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Sen. Pat Toomey to retire from politics in blow to GOP – POLITICO

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Republican Sen. Pat Toomey formally announced Monday he will neither run for reelection nor run for governor in 2022, a major blow to Republicans’ long-term plans of competing statewide in Pennsylvania.

Toomey explained the curious timing of his announcement as a reaction to all the inquiries he’d received about running for either the governor’s office or reelection. The two-term fiscal conservative said he decided within the past few days to bow out of politics and head to the private sector and decided to disclose his plans in the middle of the 2020 presidential campaign because he wanted to be transparent.

“I’ve made a decision, it’s not going to change, and I want everybody to know,” Toomey said. He informed Senate Majority Leader Mitch McConnell (R-Ky.) before his announcement, according to a source briefed on the conversation. The news leaked out Sunday, and was first reported by The Philadelphia Inquirer and confirmed by POLITICO.

Toomey said he supports President Donald Trump’s reelection campaign and would be open to serving as a surrogate and campaigning for a president whom he didn’t endorse until Election Day in 2016: “I hope to be serving these last two years with President Donald Trump reelected. I support his campaign, I support his reelection.”

He also said he is “cautiously optimistic” his party would retain its majority at the ballot box this fall amid a fierce battle for the Senate, which would make him Senate Banking Committee chair for his last two years.

Toomey is the only statewide elected Republican politician in office in the Keystone State, though it remains a presidential battleground and top target for both parties. Trump, however, is trailing in the state by significant margins and Sen. Bob Casey (D-Pa.) was easily reelected in 2018, suggesting a tough road ahead for Republicans winning statewide.

The two-term senator and former House member asserted that “if I decided to run I would have won again.” Toomey defeated Democrat Katie McGinty in 2016 by 1.5 percentage points, a victory that helped provide McConnell’s six-year majority that he’s now in danger of losing. He said the realization that he will have spent 18 of 24 years as a politician drove his decision to return to the private sector.

Toomey’s move also puts Republicans at an immediate disadvantage as they survey the 2022 Senate landscape.

Pickup opportunities for the GOP may be limited to Democratic-leaning states like New Hampshire, Colorado and Nevada as well as whoever wins this year’s Arizona Senate election. By contrast, Republicans will have have to defend Toomey’s seat as well as seats held by Sens. Rob Portman (R-Ohio), Ron Johnson (R-Wis.), Richard Burr (R-N.C.), Marco Rubio (R-Fla.), Chuck Grassley (R-Iowa) and Roy Blunt (R-Mo.). Burr has already announced he will retire.

And while Toomey’s retirement is a loss for the Republican Party, it also will leave a void in the Senate, where Toomey remains something of an outlier. Though a die-hard fiscal conservative, Toomey occasionally broke with his party. He is one of just two Senate Republicans still serving that supports expanded background checks on gun sales and is the only member of his conference to oppose Trump’s new trade deal with Mexico and Canada.

His responses to reporters in the Senate hallways are often curt as he dashes from his office to the Senate floor, but he’s also been among the most willing Republicans to criticize Trump, sometimes mildly and other times with gusto. Toomey loathes many of Trump’s tariffs and trade policies, voted to block Trump’s national emergency declaration at the border and said “commuting Roger Stone’s sentence is a mistake.”

Toomey also called Trump’s actions during his impeachment trial “inappropriate,” though he voted to acquit the president. But though he’s clearly not entirely comfortable with the style of the brash president, Toomey said Trump’s conduct had no bearing on his own decision-making.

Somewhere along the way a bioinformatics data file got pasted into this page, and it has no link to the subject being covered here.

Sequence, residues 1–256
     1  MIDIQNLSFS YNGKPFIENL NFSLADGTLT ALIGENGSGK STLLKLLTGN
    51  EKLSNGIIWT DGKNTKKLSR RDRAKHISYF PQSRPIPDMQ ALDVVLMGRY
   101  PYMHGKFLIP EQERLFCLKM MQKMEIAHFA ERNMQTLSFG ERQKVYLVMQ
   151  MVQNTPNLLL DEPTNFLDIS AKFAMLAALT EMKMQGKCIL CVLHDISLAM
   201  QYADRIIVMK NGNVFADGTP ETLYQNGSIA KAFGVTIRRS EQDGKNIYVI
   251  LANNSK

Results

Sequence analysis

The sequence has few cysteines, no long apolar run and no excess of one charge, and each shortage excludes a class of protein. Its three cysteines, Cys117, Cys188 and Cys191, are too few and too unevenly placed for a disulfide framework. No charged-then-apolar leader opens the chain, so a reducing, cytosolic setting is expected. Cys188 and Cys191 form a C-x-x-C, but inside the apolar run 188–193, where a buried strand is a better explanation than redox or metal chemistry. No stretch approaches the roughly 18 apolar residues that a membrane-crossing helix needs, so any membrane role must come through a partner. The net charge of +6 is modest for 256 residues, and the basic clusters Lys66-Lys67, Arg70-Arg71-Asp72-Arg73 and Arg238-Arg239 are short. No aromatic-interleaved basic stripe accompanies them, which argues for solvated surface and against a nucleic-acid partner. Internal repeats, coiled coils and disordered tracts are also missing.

“I decided early on I am not responsible for the president’s Twitter feed, I am not responsible for editing his comments in any given medium. I work with this president on a regular basis, it’s a very constructive relationship,” Toomey told reporters. “When I’ve disagreed with him, which I have, I haven’t been bashful about saying so. But that has nothing to do with this decision.”

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The Real Divide in America Is Between Political Junkies and Everyone Else – The New York Times

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The common view of American politics today is of a clamorous divide between Democrats and Republicans, an unyielding, inevitable clash of harsh partisan polarization.

But that focus obscures another, enormous gulf — the gap between those who follow politics closely and those who don’t. Call it the “attention divide.”

What we found is that most Americans — upward of 80 percent to 85 percent — follow politics casually or not at all. Just 15 percent to 20 percent follow it closely (the people we call “deeply involved”): the group of people who monitor everything from covfefe to the politics of “Cuties.”

At the start of the year (i.e., pre-pandemic), we asked people to name the two most important issues facing the country. As expected, we found some clear partisan divides: For example, Republicans are more likely than Democrats to cite illegal immigration as an important issue.

But on a number of other issues, we found that Americans fall much less neatly into partisan camps. For example, Democrats and Republicans who don’t follow politics closely believe that low hourly wages are one of the most important problems facing the country. But for hard partisans, the issue barely registers.

Partisan Republicans were most likely to say drug abuse was the most important problem facing the country. But less-attentive Republicans ranked it second to last, and they were also concerned about the deficit and divisions between Democrats and Republicans.

Among Democrats, the political junkies think the influence of wealthy donors and interest groups is an urgent problems. But less-attentive Democrats are 25 percentage points more likely to name moral decline as an important problem facing the country — a problem partisan Democrats never even mention.

These gaps extend beyond issues to feelings about the other party. Hard partisans are twice as likely as people who pay less attention to politics to say that they would be unhappy if their child married someone of the opposing party.